Friday, December 6, 2013

What just happened?

I believe that reflection is integral to successful teaching.  One of my pet peeves is when I have to teach a class at the end of the work day.  Why? I hate it when I'm scrambling to pack up my things for fear the security guards will be smiling on the outside but glaring at me on the inside because they simply want to lock up and leave. The few minutes after my lesson are an important time for me to think about what went well, what didn't and why.  I am also likely think about it later that night or the next morning. (To date I haven't let my work invade my dreams).

What does research say about written reflection?

Dear Diary, Guess what happened at work today?!

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Wednesday, September 29, 2010

It’s Not Just a Game

Research shows that the organization of information into categories aids memorization.We tend to teach categorized vocabulary and Stop the Bus is an example of an activity I often use to revise such vocabulary.

What methods do you use to encourage students to categorise vocabulary?

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Thursday, August 12, 2010

Cultural Competence Check

How culturally competent are you? I suppose that my competence is limited to the cultures I’ve come into contact with teaching in KL. I found a quiz that excludes most of those cultures and is perhaps geared towards the current immigrant cultures found in the US. Think you’re competent? Click here to try the quiz then download the answers and check yours.

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Friday, January 9, 2009

Teacher, what's GENOCIDE?

You know how to spell it, and I'm going to tell you the meaning, but I want you to know how to use it.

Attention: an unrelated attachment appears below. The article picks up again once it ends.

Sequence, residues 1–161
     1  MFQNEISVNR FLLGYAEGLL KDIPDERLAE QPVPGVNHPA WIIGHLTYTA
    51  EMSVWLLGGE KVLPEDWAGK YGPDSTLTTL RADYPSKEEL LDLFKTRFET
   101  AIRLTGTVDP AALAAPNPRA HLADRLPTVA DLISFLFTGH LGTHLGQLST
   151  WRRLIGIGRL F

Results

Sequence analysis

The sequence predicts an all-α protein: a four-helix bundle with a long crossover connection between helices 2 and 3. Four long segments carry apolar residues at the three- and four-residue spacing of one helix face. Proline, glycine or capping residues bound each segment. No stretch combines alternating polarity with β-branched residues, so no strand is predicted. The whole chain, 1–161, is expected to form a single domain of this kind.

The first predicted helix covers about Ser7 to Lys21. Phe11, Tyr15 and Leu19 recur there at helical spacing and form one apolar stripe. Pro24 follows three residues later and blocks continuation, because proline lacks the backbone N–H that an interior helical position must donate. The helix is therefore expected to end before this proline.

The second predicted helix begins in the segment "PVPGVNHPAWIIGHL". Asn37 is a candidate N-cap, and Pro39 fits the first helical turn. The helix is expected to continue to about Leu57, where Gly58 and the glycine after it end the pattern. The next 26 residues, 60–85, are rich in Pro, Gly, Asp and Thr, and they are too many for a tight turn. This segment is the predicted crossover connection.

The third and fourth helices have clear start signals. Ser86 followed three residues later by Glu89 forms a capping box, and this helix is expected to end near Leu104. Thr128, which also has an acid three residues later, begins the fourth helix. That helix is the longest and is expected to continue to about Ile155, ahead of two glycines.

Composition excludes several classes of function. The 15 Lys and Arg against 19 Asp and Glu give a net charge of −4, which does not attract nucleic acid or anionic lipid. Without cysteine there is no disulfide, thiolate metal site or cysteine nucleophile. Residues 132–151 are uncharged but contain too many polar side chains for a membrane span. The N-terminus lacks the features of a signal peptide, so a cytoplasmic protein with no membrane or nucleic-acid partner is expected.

pronunciation: geno•cide (jen′ə sīd′)

part of speech: noun

definition: the systematic killing of, or a program of action intended to destroy, a whole national or ethnic group

etymology: Gr genos, race, kind (see genus) + -cide: first applied to the attempted extermination of the Jews by Nazi Germany

related forms: genocidal gen′o•ci′•dal (-sīd′'l) adjective

Usage Examples
Converse of object
• commit: Whether we go to war or commit genocide is a choice, too.

• perpetrate: The media's claim that the Srebrenica massacre was an act of genocide perpetrated by the Serbs is not a lie.

• halt: Can organized military force halt genocide and other violence against civilians?

• constitute: Some would say that 7000 casualties on one side and a dozen on the other constitutes genocide.

• prevent: But we are the future; we can prevent genocide if we choose to take a stand.

• stop: Our sole purpose is to try to save lives by helping stop the genocide in Palestine.

Preposition: against
• Palestinian: They face charges relating to genocide against the Palestinians.

Adjective modifier
• Palestinian: The film tells the true story of a woman who went to Israel to protest against the ongoing Palestinian genocide.

• Palestinian: The weakness of the UN and silence of world leaders enables the perpetrators of the Palestinian Genocide to get away with murder.

• Nazi: The Origins of Nazi Genocide: From Euthanasia to the Final Solution.

• Palestinian: There is also a dearth of creative talent in the wake of the Palestinian genocide.

• attempted: The writer argues that there is a strong case to be made for charging Israel's prime minister with genocide or at least attempted genocide.

• committed: George Galloway's analogy compared the historic crimes of the Warsaw ghetto to the genocide committed against the Palestinians.

Modifies a noun
• survivor: He should seek asylum, he is a genocide survivor.

• memorial: The victims and survivors: haunting images of the dead laid out at the genocide memorial along the Gaza beach, beside the Mediterranean Sea.